Michael Dell and Silver Lake's decision to raise the offer to take Dell private is a concession that rival Carl Icahn and affiliate parties may have an upper hand in the wrangling to take over the company, observers of the deal said.
Founder Dell and Silver Lake on Wednesday offered shareholders $13.75, an increase from the original offer of $13.65 proposed in February, which was met with opposition from Icahn and other institutional investors, who believed the company was being undervalued.
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Icahn has led the fight against Dell, playing a major role in getting the company founder and CEO to increase his offer, observers said. Icahn and Southeastern Asset Management made several counteroffers to the Dell-Silver Lake proposal, and Icahn claimed the most recent counteroffer could be potentially worth $15.50 to $18 a share for current shareholders.
A vote to approve the new Dell-Silver Lake proposal is scheduled for Aug. 2. Dell on Wednesday delayed the second shareholder vote on the Dell-Silver Lake proposal. Dell perhaps failed to gain enough shareholder backing to approve the deal, observers said.
Dell also changed the way shareholder votes will be counted next week. Under the new guidelines, votes that say "yes" or "no" will be counted, and non-votes or abstentions will not count.
"According to our latest tally, approximately 27 percent of the unaffiliated shares have not yet been voted. The presumption that these shares should be treated as if they had voted against the transaction is patently unfair," Michael Dell and Silver Lake said in a statement Wednesday.
Icahn responded via Twitter: "All would be swell at Dell if Michael and the board bid farewell."
While the value of Icahn's deal has been questioned, his proxy battle has convinced enough shareholders that they were not getting enough value from Dell's original offer, said Anthony Sabino, a corporate lawyer and law professor at St. John's University in Queens, New York.
"Icahn is definitely in control and has Michael Dell precisely where he wants him. One, he has forced Dell to up his bid," he said.
Icahn can stand pat or raise his bid, and the response from Dell and Silver Lake could be to increase the bid yet again, Sabino said.
"This will not end soon nor will it be pretty. Expect a protracted and ugly battle, and who knows, third-party bids intervening," Sabino said.
Icahn's current proposal remains $2 to $4 more per share than Dell's counterproposal and there is little need for Icahn to budge, said Jason Schloetzer, assistant professor of accounting at Georgetown University's McDonough School of Business.
"Icahn is playing the role of maximizer. He has a credible alternative plan for Dell shareholders and he is using the plan to nudge Michael Dell-Silver Lake into paying a higher price to take Dell private," Schloetzer said.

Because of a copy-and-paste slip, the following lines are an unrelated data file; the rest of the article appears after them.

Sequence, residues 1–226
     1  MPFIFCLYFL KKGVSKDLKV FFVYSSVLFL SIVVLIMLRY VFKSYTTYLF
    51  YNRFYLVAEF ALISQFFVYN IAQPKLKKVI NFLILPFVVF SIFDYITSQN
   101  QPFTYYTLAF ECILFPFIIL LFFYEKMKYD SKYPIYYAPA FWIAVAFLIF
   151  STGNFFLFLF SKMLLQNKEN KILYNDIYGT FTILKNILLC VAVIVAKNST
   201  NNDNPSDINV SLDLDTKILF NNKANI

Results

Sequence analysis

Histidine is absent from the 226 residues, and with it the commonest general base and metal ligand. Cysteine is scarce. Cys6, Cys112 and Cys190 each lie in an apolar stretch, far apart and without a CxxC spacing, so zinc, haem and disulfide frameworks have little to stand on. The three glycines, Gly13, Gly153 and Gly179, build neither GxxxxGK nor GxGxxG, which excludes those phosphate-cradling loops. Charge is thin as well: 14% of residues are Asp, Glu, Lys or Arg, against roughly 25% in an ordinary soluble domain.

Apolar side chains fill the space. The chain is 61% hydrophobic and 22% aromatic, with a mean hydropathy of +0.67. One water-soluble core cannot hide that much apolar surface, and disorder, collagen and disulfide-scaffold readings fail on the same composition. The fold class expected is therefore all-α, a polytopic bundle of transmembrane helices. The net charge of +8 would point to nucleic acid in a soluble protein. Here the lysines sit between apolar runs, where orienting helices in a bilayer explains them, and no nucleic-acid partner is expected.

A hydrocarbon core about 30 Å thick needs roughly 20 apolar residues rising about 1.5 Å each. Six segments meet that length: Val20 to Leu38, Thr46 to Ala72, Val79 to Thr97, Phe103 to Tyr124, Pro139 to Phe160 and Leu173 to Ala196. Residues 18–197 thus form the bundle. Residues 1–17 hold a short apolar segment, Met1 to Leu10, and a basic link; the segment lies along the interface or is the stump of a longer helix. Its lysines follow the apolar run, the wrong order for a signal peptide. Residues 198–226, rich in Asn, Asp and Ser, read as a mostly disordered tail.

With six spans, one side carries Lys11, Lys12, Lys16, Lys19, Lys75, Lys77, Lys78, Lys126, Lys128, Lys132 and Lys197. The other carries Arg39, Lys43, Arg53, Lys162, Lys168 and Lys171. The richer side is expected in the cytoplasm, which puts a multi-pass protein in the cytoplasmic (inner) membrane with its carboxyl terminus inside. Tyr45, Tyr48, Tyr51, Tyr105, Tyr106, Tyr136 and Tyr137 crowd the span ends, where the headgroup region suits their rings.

But Dell is smart and won't allow himself to get pushed around, Schloetzer said.
"We can think of this situation as an auction. Michael Dell-Silver Lake know the price that they are ultimately willing to pay. I really doubt that Icahn wants to implement his plan, but instead is seeking a higher price from Dell-Silver Lake," Schloetzer said.
In an effort to get the Michael Dell-Silver Lake deal out of the picture, Icahn issued an open letter Tuesday, urging Dell shareholders to complete the vote Wednesday.
"We think that -- after six months -- the time for soliciting is over. It's time to vote. Do not move election day again. This is not a banana republic," Icahn wrote in a letter to the company's special committee, which is charged with reviewing offers to take the company private and is backing the Dell-Silver Lake proposal.
Icahn has a history of opposing such deals involving technology companies. Icahn dueled with Yahoo's board in 2008 after the company rejected a buyout offer from Microsoft.
Icahn's duel with Dell is purely about dollars and not the company's future business strategy, said Charles King, principal analyst at Pund-IT. Icahn's deal looks better on paper, but if he takes over the company, he will struggle to direct the company's strategy going forward, King said.
The company's business largely revolves around the struggling PC market, but it hopes to increase its presence in the enterprise market.
"If Icahn wins the support of shareholders, I wish him and the company well," King said. "In a case like this, the monetary value that shareholders receive is not everything involved."
The deal offered by Icahn may be higher, but it will strap Dell for cash on hand and load the company with debt obligations. That is not good for the company in the long run, King said.
But Dell has made some shrewd deals in the past, acquiring dozens of companies since 2007 from which good value has been squeezed. Dell has not overpaid for companies compared to, for instance, Hewlett-Packard, which overpaid for companies like 3Par, Autonomy and Palm.
"Michael Dell has put a lot of thought [into] the company's value at this point," King said. "He certainly wants to get a good deal."